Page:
They really are prosecuting their biggest customers in the effort to pinch more pennies. For the MP/RIAA’s perspective they’re combating what the grocery business calls “Shrinkage”: different from the shrinkage George Costanza had in Seinfeld this one refers to items lost to theft or damage.
But they’re wrong, there is a logic gap between walking out of Albertsons with an unpaid bag of potato chips and somebody downloading a song for free off the internet.
First I’m going to skip the fact that technically we can record music off broadcast radio and still get it without paying ( the only reason internet recording gets prosecuted is it’s easier to track).
No the difference here is that just because somebody downloaded a song illigally DOES NOT mean that they would have bought it if it’s wasn’t available for free. This is a very important fact so I’m going to state it again:
Mike “The Bruiser” Simmons who normally listens to Pantera downloads Britney Spears’ album “Blackout”; if the internet didn’t exist he wouldn’t have normally brought this album. He was just curious about it since his niece was always raving about Britney. RIAA did not lose any money when he downloaded this album because the downloaded album was not downloaded in place of a potentially purchased album.
Many people, including the movie and music industry, think that this is just the excuse downloaders make to justify their theft. Well guess what the facts say?
On average Downloaders make MORE legitimate purchases than others.
However I didn’t need a study to tell me tell me this, I’m one of the downloaders that seems much of my money flow out of my pocket to music purchases. I’m the Mike Simmons from above (that’s not really my name, I made it up). I admit it, I download music, alot of it. But in the number of CDs I buy I also out purchase everybody I know by 5-10 times. I budget $60 a month in CD purchases and thanks to wise spending that equates to 8-10 new CDs a month. And I can’t count the number of times that something I downloaded on a whim became a favorite of mine and led to another 2-6 Cd purchases.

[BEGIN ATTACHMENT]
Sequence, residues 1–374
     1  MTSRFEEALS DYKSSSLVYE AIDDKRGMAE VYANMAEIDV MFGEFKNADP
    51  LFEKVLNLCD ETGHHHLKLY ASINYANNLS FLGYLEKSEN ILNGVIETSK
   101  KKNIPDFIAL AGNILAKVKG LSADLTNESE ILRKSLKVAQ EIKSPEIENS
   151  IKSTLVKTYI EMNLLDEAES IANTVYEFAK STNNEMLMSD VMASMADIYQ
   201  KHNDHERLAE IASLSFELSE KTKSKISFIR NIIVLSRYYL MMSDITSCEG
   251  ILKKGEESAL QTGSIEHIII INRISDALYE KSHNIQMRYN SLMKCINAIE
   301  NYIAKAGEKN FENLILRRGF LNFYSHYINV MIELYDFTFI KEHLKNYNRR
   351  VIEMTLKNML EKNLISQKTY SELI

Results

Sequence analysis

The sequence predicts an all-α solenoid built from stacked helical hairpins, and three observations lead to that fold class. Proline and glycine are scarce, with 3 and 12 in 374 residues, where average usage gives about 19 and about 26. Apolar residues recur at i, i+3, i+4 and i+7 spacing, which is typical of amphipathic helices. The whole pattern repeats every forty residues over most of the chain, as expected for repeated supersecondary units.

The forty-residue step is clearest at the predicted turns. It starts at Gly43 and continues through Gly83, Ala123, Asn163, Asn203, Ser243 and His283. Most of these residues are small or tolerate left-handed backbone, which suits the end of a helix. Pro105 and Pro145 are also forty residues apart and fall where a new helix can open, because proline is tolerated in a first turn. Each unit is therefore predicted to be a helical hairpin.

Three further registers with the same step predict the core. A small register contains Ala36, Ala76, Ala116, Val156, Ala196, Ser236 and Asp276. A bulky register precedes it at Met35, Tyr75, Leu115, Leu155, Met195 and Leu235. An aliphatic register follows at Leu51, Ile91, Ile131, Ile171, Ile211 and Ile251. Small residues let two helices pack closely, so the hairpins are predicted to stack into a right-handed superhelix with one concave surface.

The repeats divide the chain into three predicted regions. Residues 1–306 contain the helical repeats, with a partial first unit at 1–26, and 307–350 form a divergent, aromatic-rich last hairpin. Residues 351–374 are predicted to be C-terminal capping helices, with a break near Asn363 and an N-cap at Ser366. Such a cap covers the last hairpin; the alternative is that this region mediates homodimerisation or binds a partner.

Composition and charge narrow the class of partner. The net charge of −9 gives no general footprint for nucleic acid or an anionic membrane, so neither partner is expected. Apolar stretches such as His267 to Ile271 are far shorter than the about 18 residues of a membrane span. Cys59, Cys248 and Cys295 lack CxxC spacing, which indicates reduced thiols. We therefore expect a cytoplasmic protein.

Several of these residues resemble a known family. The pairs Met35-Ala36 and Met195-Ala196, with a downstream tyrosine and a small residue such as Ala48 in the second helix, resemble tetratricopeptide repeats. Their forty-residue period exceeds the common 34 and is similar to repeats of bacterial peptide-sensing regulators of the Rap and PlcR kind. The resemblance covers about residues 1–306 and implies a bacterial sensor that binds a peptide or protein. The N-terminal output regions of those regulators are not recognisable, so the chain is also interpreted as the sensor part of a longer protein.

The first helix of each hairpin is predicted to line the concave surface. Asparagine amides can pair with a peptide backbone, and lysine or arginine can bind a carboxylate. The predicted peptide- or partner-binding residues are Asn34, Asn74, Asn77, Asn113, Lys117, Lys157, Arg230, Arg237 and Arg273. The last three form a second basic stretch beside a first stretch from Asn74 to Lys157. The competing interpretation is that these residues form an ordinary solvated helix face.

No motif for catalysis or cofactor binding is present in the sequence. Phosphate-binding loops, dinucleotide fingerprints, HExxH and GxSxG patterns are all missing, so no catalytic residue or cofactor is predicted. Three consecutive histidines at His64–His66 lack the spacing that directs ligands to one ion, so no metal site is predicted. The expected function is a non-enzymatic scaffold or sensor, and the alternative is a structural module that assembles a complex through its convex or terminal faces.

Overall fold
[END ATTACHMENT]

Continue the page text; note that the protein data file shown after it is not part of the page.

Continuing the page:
Yet from the RIAA perspective I’m stealing from them; but again for every $10 the average person spends in music I spend $100. In fact I just realized I didn’t figure in concert attendance, to tack on another $60 a month plus $40 a month to the venue’s bar in alcohol purchases. If you had a customer that was spending $120 a month compared to others who spend $10 would you take them to court and turn them into your enemy, or try to find a way to appeal to them through the downloads and try to turn them onto to more music they might like and spend money on?
I’ve left off the whole mess of the fact that somebody who likes why they hear after downloading begins to tell others what music they like through “Word of Mouth” marketing; the holy grail of all marketing.
BTW: Blackout was actually pretty good, forget what you think about Britney Spears and give it a chance.
Pics of my current CD collection: